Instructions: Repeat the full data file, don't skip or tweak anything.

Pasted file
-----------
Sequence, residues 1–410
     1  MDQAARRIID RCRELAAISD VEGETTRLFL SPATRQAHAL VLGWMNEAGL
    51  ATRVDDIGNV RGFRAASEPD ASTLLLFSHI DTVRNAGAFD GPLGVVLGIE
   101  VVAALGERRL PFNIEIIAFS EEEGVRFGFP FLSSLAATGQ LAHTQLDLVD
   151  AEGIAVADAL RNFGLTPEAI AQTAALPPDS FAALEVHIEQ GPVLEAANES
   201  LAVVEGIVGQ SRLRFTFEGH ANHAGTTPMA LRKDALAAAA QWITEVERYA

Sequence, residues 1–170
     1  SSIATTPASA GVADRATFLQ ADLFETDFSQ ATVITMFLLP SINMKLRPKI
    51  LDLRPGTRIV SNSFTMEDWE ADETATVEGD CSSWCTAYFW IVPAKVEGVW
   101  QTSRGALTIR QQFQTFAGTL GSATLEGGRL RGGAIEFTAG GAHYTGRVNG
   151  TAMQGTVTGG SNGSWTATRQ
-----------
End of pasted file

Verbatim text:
Sequence, residues 1–410
     1  MDQAARRIID RCRELAAISD VEGETTRLFL SPATRQAHAL VLGWMNEAGL
    51  ATRVDDIGNV RGFRAASEPD ASTLLLFSHI DTVRNAGAFD GPLGVVLGIE
   101  VVAALGERRL PFNIEIIAFS EEEGVRFGFP FLSSLAATGQ LAHTQLDLVD
   151  AEGIAVADAL RNFGLTPEAI AQTAALPPDS FAALEVHIEQ GPVLEAANES
   201  LAVVEGIVGQ SRLRFTFEGH ANHAGTTPMA LRKDALAAAA QWITEVERYA

Sequence, residues 1–170
     1  SSIATTPASA GVADRATFLQ ADLFETDFSQ ATVITMFLLP SINMKLRPKI
    51  LDLRPGTRIV SNSFTMEDWE ADETATVEGD CSSWCTAYFW IVPAKVEGVW
   101  QTSRGALTIR QQFQTFAGTL GSATLEGGRL RGGAIEFTAG GAHYTGRVNG
   151  TAMQGTVTGG SNGSWTATRQ